Dictionary of communication
The Belarusian-German business dictionary has been presented in Minsk. It may seem an insignificant event in the context of international relations, but the book is indicative of the changing mood of our German partners. Clearly, businessmen are keen to communicate more clearly with local partners, creating stronger ties.
I’m convinced that a good step has been taken and I hope it will continue against a background of other major events taking place within the international arena. If Belarus were in ‘isolation’ then observers and political analysts would have spoken of a ‘foreign political breakthrough’ taking place. However, Belarus’ recent meetings with foreign delegations have been treated as commonplace.
Thinking of President Lukashenko’s visit to China, we can clearly see that bilateral relationships with this country have significantly intensified. Our article Express speed comes to Minsk explores recent meetings in Beijing.
International life is, of course, based on mutual benefits, and negotiations in Beijing have already yielded fruit. Meanwhile, Minsk has become a venue for major policies. Energy efficiency came under close scrutiny during the visit of the Venezuelan President, Hugo Chбvez, to Belarus. An alternative to dependence on Russian energy sources has been found in Minsk, as explored in Positive Energy Trends. Our policy is always to be pragmatic, yet can be substantial in effect when mutually beneficial. It’s logical to quote Mr. Chбvez in this respect, who noted, “The opportunity to bring oil from Venezuela to Europe’s heart, at your oil refineries, is strategically important to us. You are allowing us to create new routes for our oil trade and we’re proud that our ships can deliver our oil to Belarus.”
Minsk’s agreements send a vital signal to transit countries, through which oil is delivered to Belarus from Latin America. Mr. Chбvez’s visit was followed by that of the Lithuanian President, Dalia Grybauskaitė. The closest port able to accept Venezuelan oil is located in Lithuania. The visit of the Lithuanian President to Belarus was commented upon by experts and political analysts, who remarked on the European accent of our foreign policy, where much needs to be transformed. Close Neighbour testifies to the landmark character of the Lithuanian President’s visit. After long years of pressure and attempts to isolate Minsk, the EU has come to the conclusion that such a format for relationships is hopeless. “For a decade, Europe has built a ‘Chinese Wall’ between itself and Belarus; it’s a wall which shouldn’t exist,” admitted Ms. Grybauskaitė, during her negotiations with Mr. Lukashenko. “Only co-operation will bring benefits to both the EU and Belarus.”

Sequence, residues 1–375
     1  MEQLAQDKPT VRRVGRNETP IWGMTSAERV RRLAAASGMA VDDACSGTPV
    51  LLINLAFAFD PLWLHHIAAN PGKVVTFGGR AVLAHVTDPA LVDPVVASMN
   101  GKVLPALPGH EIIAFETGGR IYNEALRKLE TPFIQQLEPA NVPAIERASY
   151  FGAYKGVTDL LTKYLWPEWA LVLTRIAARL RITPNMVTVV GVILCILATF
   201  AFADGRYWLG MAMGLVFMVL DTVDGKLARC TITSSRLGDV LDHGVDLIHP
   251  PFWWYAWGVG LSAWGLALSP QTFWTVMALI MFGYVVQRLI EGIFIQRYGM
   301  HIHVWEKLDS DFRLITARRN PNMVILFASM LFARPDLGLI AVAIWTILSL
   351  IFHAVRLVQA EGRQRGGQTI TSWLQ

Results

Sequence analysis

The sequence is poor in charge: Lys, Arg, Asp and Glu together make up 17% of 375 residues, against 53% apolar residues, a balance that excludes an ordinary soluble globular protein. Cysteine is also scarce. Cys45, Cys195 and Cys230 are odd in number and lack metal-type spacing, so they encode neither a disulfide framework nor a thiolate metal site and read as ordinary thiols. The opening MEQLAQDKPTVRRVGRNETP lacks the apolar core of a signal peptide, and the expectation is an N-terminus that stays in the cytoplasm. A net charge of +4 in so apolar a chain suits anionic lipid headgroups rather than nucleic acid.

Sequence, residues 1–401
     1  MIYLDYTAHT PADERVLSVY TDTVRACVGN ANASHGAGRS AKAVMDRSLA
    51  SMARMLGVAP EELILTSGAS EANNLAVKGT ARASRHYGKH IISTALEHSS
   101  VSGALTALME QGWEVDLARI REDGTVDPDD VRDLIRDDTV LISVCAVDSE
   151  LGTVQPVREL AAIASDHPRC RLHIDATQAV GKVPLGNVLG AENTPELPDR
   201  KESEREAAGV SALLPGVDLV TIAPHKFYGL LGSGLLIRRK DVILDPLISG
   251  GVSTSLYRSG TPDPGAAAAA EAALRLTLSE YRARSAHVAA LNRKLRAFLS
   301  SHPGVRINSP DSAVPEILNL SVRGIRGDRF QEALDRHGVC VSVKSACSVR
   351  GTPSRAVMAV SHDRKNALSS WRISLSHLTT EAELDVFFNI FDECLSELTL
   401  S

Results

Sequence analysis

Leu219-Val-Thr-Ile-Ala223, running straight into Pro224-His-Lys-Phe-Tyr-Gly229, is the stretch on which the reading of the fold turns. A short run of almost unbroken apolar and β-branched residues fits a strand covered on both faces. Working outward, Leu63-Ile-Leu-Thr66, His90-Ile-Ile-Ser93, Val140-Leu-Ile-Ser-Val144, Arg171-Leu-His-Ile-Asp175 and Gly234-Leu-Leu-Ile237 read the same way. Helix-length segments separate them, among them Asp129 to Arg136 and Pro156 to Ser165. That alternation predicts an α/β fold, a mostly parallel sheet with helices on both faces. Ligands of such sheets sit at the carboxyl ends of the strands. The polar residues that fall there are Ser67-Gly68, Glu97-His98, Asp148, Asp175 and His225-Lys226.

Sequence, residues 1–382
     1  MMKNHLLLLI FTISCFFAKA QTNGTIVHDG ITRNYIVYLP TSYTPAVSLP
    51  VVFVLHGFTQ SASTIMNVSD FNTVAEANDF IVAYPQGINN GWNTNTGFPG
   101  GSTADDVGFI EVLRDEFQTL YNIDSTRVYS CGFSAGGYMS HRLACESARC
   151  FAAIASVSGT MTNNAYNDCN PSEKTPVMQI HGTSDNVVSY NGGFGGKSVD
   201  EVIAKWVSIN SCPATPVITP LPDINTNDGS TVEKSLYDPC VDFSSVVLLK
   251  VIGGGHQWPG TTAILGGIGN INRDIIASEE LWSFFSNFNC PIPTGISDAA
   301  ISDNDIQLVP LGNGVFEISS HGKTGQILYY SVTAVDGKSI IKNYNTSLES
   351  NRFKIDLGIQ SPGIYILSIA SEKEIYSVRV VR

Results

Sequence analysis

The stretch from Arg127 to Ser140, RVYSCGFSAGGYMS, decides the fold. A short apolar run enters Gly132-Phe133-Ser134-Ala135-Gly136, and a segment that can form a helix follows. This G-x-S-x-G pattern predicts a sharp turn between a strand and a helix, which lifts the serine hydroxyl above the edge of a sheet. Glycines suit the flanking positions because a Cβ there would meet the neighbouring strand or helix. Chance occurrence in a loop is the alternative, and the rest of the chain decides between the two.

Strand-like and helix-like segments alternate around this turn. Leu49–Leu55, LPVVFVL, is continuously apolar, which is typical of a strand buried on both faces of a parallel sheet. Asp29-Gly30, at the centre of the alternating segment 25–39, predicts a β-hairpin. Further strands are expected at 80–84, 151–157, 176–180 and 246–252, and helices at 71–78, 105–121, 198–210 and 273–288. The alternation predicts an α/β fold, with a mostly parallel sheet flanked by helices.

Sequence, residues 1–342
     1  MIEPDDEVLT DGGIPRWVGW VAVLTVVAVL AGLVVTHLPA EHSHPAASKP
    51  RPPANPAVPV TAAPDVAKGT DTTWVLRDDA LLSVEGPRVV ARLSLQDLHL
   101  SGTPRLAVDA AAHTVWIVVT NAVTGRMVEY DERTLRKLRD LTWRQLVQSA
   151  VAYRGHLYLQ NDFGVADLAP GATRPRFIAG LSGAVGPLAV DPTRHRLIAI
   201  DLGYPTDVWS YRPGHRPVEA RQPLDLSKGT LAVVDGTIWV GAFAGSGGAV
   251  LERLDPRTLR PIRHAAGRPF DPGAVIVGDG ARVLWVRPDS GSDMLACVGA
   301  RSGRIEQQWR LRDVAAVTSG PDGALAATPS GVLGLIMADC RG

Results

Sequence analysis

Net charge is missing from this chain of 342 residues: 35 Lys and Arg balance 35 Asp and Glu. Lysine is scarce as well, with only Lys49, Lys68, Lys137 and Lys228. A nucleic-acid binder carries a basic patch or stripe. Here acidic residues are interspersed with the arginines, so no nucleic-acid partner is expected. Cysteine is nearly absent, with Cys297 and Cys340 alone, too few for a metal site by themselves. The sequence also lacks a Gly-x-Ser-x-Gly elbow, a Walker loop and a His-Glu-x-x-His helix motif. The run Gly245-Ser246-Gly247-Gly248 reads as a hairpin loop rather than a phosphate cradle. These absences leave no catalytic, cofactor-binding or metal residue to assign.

Today, the EU, concerned for stability and security along its borders, needs Belarus no less than Belarus needs the EU. This is proven by the country’s inclusion within the European Eastern Partnership programme. The long-term relevancy of this position was notable by the recent visit to Minsk by the Foreign Ministers of Poland and Germany, Radosław Sikorski and Guido Westerwelle. Undoubtedly, they reflected the EU’s policy towards Belarus at Minsk meetings, as explored in From Neighbourhood to Partnership.
Minsk Forum, held in November, was a successful venue for Belarusian-European dialogue. The Forum, which launched in 1997, has been organised for the 13th time. Some would call this an unlucky figure but the organisers were convinced otherwise — even rather optimistic about its usefulness. Much was spoken of the ‘economisation’ of relations. The Belarusian economy is going through a special period of structural reform — only possible with the aid of new investments, technologies and advanced experience. Our German partners possess all these, so their assistance could be significant.
Evidently, Belarus has the right to expect more decisive steps from the EU; Schengen visas were compared with the Berlin Wall at the Forum. The ‘Schengen Wall’ is virtual, yet quite tangible, and should be removed to aid European integration. A ‘wait-and-see approach’ is inappropriate. Without Belarus, and other Eastern European states yet to join the Schengen zone, the configuration of contemporary Europe is incomplete.
The first ever German-Belarusian dictionary was presented at Minsk Forum and should aid the development of pan-European communication. It’s a good example to follow.
BY Viktor Kharkov,